CRP’s first-year graduate students tour NYC neighborhoods and waterways

June 2, 2010

Fifty-four CRP students led by faculty members Michael Tomlan, Arturo Sanchez, and John Reps, traveled to New York City in March for the annual first-year graduate students field trip to explore neighborhoods, interact with alumni, and gain an understanding of the planning efforts, economic forces, and the political and historical aspects that shape the city.

The group took a tour of the Brooklyn waterfront by water taxi, which offered a unique view of the city’s development and understanding of maritime planning projects. Andrew Genn (B.S. URS ’89) of New York City Economic Development Corporation, led the tour and explained that one of the goals of the maritime division is to encourage the use of waterways for the transport of goods around the city. He noted that one waterborne shipping vessel would take a multiplied number of trucks off of New York’s congested highways.

“Touring the Brooklyn waterfront with the M.R.P. and [Historic Preservation Planning] students solidified so many of the planning skills I learned as a URS student,” Genn says. “Learning comes from sharing. Being able to talk about my projects in real-time to planning students resulted in a stream of little epiphanies connecting my educational experiences to my professional career.”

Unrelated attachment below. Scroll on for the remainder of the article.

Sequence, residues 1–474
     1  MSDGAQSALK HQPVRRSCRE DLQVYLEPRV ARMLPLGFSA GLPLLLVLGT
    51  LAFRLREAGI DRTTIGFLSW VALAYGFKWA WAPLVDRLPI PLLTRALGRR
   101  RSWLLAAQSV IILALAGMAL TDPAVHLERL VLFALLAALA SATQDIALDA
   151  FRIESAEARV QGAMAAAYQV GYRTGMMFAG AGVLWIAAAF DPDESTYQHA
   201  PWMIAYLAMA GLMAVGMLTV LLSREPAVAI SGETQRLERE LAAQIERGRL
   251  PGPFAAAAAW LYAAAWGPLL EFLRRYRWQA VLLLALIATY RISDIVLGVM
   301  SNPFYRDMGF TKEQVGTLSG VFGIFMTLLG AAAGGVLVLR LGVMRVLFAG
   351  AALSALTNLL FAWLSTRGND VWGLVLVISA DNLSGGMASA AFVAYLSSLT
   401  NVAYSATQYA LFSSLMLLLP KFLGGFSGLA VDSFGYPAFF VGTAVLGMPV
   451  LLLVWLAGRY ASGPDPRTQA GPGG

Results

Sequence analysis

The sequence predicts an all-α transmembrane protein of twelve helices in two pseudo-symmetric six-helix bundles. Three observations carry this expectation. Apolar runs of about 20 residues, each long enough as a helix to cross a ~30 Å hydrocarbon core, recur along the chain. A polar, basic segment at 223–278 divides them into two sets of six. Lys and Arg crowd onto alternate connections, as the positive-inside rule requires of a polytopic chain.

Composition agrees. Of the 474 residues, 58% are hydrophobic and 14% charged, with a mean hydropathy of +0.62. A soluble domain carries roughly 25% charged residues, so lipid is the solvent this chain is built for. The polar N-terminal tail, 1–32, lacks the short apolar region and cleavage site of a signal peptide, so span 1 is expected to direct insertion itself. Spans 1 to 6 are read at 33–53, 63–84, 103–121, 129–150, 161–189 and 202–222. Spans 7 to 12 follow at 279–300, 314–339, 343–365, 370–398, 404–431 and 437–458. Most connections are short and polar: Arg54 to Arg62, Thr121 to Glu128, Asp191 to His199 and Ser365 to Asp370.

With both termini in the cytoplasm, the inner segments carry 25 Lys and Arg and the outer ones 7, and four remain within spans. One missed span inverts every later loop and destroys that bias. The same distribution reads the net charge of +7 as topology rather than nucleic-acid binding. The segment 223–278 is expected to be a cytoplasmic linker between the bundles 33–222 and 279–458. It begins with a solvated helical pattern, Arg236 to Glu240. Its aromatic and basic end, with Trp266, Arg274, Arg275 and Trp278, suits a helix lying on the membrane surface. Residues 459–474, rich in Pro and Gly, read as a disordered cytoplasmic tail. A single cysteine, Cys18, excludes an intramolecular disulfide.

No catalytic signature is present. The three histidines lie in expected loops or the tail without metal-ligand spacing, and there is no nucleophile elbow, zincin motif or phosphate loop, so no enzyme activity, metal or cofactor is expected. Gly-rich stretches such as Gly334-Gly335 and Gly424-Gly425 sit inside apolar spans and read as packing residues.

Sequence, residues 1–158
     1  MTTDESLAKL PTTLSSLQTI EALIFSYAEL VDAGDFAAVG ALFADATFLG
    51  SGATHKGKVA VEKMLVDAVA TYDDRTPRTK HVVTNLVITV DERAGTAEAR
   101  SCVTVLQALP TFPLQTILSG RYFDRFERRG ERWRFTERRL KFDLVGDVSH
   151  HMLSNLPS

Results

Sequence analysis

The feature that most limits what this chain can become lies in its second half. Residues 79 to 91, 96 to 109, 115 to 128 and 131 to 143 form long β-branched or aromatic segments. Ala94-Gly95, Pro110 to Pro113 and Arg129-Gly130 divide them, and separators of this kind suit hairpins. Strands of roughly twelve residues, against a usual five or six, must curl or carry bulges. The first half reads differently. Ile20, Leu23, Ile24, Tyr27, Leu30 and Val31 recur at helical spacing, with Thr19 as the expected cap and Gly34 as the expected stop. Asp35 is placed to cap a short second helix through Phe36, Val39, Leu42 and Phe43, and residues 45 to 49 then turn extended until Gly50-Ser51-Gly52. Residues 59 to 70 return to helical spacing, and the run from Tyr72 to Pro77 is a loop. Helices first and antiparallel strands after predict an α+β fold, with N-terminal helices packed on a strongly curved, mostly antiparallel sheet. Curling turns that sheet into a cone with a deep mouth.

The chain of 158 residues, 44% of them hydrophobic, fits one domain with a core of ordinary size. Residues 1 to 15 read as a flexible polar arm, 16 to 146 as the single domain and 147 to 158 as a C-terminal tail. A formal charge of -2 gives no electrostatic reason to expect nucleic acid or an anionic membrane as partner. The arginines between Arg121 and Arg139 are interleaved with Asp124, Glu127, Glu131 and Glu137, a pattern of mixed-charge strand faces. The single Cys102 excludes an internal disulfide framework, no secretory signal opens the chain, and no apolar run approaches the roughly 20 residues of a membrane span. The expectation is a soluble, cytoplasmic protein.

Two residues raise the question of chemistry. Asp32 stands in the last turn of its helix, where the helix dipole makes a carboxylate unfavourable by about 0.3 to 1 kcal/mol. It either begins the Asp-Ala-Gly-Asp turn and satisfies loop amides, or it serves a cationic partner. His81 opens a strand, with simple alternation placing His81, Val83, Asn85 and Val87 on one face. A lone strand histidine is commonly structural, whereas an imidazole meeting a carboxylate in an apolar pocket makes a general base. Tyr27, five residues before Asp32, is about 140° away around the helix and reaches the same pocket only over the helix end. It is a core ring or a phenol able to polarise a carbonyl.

An evening reception was hosted by Bob Balder (B.S. URS ’89) at Gensler in Manhattan. Approximately 25 CRP alumni introduced themselves, discussed their work, and networked with students. Also on the busy two-day trip, the group toured the Brooklyn Army Terminal where students learned about the industrial history of the neighborhood and the role that shipping industries have played in the development of Brooklyn’s waterfront and took several walking tours through neighborhoods such as Harlem/Columbia University district, the lower west side and meatpacking district, lower Manhattan, and Jackson Heights.

Close overlay